Past Treasure of the Month – October 2009

Early 20th Century Crystal Ball
A crystal ball, a stand, a silk cover, a custom box, and a 1916 instructive book about crystal gazing.

To compliment the allure of Halloween during the month of October, the Rosenberg Library Museum featured an early 20th century crystal ball as the “Treasure of the Month.” The crystal ball on display at the Library belonged to Mrs. Elizabeth Calders of Louisiana. The set includes a crystal ball, a stand, a silk cover, a custom box, and a 1916 instructive book about crystal gazing. The collection was donated to the Rosenberg Library in 1977 by Catherine Hall, daughter of Elizabeth Calders.

Crystal balls, which are usually made of natural stone, are one of several instruments that some believe help aid in the art of clairvoyance. The use of a reflective or translucent object was developed in ancient civilizations to foresee possible outcomes of future events. The form of divination achieved through trance induction by means of gazing at a crystal is commonly known as crystal gazing, or crystallomancy.

Book cover

With respect to the tool or object used to induce a trance, several objects were commonly known to achieve the desired outcome including a crystalline gem stone or a convex mirror, but a crystal ball was most often used. Crystal balls were carved from natural crystalline stone such as quartz, beryl, calcite, obsidian, amethyst, or glass. The size of the ball varied greatly among those who practiced this mystical art. Some gazers used a “palm ball” of only a few inches in diameter; others preferred to use a larger ball mounted on a stand. The largest flawless known quartz sphere is part of the collection at the National Museum of Natural History in Washington, D.C. It spans 12.9 inches in diameter and weighs close to 107 pounds.

Crystal gazing was developed by various cultures for a variety of purposes as early as 3000 BC. The Babylonians, Ancient Egyptians, Hindus, Greeks, Mayans, Incas, North American Indians, and Australian Aborigines all used mirrored objects, pools of water, or crystal balls to communicate with and receive answers from the gods, and often used scrying in temples to aid diplomats in decisions, to define diseases, or to learn of future dangers. The Druids in Celtic Britain as well as Scottish Highlanders then used these “stones of power” to predict distant or future events, to give character analyses, to tell fortunes, or to help make choices about current situations and problems.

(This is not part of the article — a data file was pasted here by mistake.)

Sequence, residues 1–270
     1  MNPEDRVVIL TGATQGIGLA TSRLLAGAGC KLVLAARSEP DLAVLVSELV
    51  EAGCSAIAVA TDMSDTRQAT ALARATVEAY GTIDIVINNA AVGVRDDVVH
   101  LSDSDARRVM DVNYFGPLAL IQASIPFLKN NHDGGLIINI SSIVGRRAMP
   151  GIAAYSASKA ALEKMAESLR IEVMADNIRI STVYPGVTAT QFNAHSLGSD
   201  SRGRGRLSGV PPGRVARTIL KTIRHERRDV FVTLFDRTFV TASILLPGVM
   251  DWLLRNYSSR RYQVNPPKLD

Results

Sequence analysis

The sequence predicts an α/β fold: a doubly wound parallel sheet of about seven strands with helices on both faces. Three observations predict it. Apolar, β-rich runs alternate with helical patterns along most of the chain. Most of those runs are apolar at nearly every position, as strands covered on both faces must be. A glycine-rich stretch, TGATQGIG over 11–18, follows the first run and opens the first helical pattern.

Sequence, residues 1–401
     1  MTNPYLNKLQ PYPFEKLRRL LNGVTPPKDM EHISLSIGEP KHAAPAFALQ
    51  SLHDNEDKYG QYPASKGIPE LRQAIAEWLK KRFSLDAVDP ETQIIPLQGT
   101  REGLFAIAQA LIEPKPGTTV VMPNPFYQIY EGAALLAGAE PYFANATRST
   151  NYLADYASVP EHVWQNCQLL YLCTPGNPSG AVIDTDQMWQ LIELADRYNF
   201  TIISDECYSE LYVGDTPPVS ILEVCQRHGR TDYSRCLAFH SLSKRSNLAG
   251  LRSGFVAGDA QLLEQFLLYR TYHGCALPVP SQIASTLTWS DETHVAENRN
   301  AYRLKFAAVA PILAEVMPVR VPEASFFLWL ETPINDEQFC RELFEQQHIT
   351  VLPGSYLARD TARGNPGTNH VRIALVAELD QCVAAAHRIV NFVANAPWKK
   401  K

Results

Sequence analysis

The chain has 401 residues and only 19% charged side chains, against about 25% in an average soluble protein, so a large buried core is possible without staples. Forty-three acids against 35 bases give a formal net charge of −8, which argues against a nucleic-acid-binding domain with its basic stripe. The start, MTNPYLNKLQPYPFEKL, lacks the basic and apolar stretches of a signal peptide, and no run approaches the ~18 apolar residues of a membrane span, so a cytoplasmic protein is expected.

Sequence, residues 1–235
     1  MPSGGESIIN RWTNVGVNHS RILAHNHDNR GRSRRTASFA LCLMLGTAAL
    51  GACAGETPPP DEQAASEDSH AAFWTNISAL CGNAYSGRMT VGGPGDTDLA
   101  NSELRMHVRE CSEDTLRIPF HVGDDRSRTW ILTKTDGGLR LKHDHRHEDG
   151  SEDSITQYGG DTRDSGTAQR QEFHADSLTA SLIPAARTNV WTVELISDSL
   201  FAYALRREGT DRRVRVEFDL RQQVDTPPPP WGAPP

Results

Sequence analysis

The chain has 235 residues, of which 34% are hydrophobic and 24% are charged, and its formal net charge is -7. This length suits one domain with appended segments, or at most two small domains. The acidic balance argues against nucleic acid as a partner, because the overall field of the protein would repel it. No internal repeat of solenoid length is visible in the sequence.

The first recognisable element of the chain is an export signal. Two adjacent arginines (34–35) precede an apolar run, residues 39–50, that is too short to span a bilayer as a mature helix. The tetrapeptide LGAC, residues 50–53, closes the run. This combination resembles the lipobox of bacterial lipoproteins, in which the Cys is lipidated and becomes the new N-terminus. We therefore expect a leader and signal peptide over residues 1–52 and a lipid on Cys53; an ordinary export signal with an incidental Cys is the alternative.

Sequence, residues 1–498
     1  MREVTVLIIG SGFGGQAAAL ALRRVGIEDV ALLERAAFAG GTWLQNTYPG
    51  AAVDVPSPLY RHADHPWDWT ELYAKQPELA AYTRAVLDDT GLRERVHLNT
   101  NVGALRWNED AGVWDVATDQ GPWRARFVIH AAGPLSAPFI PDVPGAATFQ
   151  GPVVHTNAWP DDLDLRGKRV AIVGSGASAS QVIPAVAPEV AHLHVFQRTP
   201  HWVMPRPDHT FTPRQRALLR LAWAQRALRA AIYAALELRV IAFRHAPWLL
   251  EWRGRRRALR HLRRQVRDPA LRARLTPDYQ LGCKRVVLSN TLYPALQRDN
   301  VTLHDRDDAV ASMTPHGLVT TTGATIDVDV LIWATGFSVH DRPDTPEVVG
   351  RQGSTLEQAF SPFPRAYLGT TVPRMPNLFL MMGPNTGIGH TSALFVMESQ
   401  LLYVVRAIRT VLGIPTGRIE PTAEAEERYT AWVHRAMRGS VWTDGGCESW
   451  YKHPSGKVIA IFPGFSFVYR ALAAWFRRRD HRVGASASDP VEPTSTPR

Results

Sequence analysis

There are numerous literary accounts which refer to the superstitions associated with crystal balls. The Orphic poem “Lithica,” a Greek epic poem, told of a magic stone sphere, made of heavy black stone or metal, which was used to foretell the downfall of Troy. The Arabic author, Haly Abou Gefar, told of a golden ball used in the incantations of the Magi. Dr. John Dee, a scientist, astronomer, mathematician, and alchemy and divination expert was Queen Elisabeth I’s consultant, and commonly used crystal and crystal balls to acquire knowledge. Ancient Mexican lore also tells of a god named Tezatlipuco who beheld a magic mirror which allowed him to view events throughout the world.

Can you find any flaws?

Crystal balls were also used by seers, sorcerers, psychics, and other members of the Occult in Europe’s medieval age (5th century to the 16th century). It was in this time period that the universal image of crystal-gazing changed, and the general public began to fear it as an evil. In this case, as in many others, the vision in the crystal or mirror did not represent some former or contemporaneous happening, but the figure of an evil spirit, who, either by signs or words, imparted to the scryer the information he was seeking. Christians believed that those who practiced this activity were to never again be received into the Church unless this belief was renounced and penance was diligently performed.

After the fear subsided and curiosity reemerged, crystal balls became common props for fortune-telling, hypnotism, and prophecy readings. These routines, in which a magician asks audience members questions, are known as “C.G.,” or Crystal Gazing acts. Claude Alexander Conlin, known as Alexander the Crystal Seer, was one of the most popular stage magicians in the early 20th century. He specialized in psychic readings, dressed in Oriental robes and feathered turbans, and used a crystal ball as his main prop. His stage image is popularly connected to the fortune telling machines found at carnivals. Another stage magician and mentalist who was also a crystal gazer was Julius Zancig, but he did not perform for the public. Rather, he used the crystal ball in his work as a spiritual counselor for private clients.